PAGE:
I Am No-Thing




Laura Radiconcini




I Am No-Thing

This is the story of the young American paratrooper Matthew Roberts, partisan and vampire, sent to northern Italy in 1943 by the Office of Strategic Services on a secret mission.

There, while hidden by the Resistance, he meets a girl concealing a dangerous secret. The two fall passionately in love and plan to marry as soon as Italy is liberated. However, while going back behind the Allied lines and trying to reach Anzio, the young man meets his fate in form of two vampires, who transform him. He becomes one of the undead: fierce, desperate and bloodthirsty. Will he succumb forever to his inner monster or will he be able to recover at least some of his lost humanity? And, if he meets his love again, will he be able to refrain from killing her?

The author’s passion for vampires began during her teenage years. Dracula was her first love, but she moved on from him because he was intrinsically evil and could not be redeemed. Vampire lore has continued to evolve, however, presenting readers with immortals who are not always monsters, but creatures capable of ethical choices, of redemption . . . and love. Enthusiasm for this new breed of vampires compelled her to write her own stories, I am No-Thing is her second book, with a historical/supernatural plot partially based on her family’s war memories.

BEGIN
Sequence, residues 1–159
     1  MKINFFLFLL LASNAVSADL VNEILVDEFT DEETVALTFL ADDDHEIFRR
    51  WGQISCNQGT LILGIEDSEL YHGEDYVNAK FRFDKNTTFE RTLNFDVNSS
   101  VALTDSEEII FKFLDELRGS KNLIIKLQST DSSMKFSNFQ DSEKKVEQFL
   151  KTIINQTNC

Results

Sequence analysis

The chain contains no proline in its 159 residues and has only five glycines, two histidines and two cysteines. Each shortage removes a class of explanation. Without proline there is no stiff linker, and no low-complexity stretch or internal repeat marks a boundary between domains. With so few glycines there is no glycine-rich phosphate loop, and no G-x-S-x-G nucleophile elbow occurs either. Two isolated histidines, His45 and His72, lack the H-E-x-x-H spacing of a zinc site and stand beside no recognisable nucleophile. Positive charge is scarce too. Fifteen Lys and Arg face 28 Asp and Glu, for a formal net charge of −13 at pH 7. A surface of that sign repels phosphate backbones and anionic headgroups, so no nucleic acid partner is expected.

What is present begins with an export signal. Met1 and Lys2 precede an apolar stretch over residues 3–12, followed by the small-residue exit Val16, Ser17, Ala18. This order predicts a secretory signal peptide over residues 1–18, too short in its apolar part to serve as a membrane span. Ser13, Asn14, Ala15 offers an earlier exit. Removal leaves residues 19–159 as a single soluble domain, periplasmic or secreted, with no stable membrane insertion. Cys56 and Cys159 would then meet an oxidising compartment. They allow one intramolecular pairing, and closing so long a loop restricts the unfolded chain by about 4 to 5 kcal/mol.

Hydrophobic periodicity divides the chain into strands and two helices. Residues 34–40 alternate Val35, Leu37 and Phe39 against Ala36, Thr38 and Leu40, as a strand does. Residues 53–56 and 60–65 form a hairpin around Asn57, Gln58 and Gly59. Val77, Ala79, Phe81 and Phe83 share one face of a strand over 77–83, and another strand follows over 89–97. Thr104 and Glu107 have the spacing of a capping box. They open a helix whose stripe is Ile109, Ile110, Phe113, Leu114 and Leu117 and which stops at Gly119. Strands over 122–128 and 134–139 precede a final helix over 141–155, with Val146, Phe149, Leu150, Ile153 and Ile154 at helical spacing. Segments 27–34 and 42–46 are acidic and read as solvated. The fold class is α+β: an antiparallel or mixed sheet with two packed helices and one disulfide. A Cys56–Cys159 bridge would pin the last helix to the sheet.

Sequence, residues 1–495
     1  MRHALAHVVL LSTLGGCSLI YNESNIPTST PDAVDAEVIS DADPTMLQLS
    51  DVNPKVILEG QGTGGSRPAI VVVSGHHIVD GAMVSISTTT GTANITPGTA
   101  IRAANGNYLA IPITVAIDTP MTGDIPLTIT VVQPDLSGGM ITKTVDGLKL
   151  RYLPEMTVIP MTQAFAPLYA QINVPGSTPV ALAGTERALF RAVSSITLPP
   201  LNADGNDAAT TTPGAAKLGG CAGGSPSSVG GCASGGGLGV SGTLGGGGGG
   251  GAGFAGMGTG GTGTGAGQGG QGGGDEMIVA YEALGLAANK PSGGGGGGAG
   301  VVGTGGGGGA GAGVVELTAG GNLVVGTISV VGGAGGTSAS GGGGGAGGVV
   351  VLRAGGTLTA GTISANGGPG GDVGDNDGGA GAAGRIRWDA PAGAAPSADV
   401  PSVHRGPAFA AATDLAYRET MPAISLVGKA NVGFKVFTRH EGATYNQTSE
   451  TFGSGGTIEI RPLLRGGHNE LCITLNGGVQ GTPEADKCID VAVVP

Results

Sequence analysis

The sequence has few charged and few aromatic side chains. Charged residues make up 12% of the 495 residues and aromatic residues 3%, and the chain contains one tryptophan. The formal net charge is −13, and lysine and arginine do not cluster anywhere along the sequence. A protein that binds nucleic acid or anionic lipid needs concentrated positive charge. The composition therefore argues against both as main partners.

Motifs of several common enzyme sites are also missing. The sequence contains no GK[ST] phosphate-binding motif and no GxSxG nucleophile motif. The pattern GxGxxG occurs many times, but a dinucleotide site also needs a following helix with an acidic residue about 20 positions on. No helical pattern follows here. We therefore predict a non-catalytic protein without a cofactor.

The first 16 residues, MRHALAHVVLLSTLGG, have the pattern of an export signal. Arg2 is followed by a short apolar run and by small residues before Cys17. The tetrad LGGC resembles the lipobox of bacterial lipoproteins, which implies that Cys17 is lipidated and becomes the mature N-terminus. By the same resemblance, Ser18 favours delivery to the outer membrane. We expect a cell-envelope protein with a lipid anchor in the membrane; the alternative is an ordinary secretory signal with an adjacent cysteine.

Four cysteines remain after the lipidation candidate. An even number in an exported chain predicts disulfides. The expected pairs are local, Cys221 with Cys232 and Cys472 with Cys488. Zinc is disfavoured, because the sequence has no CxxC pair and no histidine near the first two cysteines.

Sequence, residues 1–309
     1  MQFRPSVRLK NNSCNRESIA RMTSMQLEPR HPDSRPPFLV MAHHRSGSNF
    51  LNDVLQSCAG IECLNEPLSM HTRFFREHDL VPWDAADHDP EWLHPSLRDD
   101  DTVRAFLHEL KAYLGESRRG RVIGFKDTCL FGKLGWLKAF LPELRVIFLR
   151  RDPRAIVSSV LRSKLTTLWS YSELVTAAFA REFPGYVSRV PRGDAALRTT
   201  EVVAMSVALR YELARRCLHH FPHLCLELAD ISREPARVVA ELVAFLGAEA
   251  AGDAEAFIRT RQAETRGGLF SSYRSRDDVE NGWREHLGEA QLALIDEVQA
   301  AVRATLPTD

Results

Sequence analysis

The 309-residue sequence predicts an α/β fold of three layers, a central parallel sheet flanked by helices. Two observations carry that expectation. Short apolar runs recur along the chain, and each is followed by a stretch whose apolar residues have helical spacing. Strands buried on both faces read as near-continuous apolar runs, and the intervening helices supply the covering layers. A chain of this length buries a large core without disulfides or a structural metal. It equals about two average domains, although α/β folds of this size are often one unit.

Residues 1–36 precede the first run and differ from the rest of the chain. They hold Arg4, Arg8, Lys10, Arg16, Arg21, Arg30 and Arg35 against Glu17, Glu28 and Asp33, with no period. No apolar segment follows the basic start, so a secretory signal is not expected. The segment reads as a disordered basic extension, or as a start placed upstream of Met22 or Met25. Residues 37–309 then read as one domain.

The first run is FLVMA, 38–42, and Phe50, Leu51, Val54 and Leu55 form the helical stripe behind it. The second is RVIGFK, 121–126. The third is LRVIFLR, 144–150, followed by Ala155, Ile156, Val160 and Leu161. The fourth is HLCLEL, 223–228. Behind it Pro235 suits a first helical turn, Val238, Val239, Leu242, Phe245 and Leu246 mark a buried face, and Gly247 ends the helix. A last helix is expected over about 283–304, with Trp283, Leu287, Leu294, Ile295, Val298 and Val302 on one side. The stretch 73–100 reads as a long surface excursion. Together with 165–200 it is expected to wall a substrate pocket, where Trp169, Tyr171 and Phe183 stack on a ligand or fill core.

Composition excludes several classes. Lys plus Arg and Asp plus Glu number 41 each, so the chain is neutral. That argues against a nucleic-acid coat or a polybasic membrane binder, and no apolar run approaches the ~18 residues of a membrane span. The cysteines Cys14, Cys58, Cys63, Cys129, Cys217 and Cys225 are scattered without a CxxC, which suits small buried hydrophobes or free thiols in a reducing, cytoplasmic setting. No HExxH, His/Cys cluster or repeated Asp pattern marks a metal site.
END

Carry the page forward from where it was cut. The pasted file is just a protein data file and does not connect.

Dettagli prodotto

  • Author: Laura Radiconcini
  • Publisher: Oakmond Publishing (13 aprile 2019)
  • Language: English
  • ISBN paperback: 978-3-96207-096-0
  • ISBN kindle: 978-3-96207-097-7
  • Acquista qui: amazon.it






I look at the burning house, staring into the fire as it consumes my killers and my victims. Those who made a monster of me and those I killed to satisfy the thirst burning my throat. Perfect behavior for a well-mannered vampire. Clean up after your shit. Leave no evidence behind.

What will I do? Where do I go now? I walk aimlessly away from the flames, avoiding roads and cutting through woods, meadows and fields. I don’t know where I’m going and I don’t care. Of course I can’t go back to the US army now. I would do more damage than a panzer division. And I can never see my Claudia again. All my promises are meaningless now, because I am no longer a man.

I hope she’ll think I’m dead, as indeed I am, and forget me. Maybe she’ll find somebody else to love her as she deserves to be loved. I take no comfort from this thought.

I feel like crying, and I do, but then I realize I have no tears; my eyes are leaking a dense and dark fluid. I’m blinded by rage. In front of me there’s a half-destroyed hut, empty, its roof caved in. It offends me and I start kicking and battering it. In just a few minutes, the dust begins to settle on a pile of pulverized brick and stone. I collapse onto it, my feet bare now, because my boots could not sustain the assault, yet there isn’t a scratch on my skin.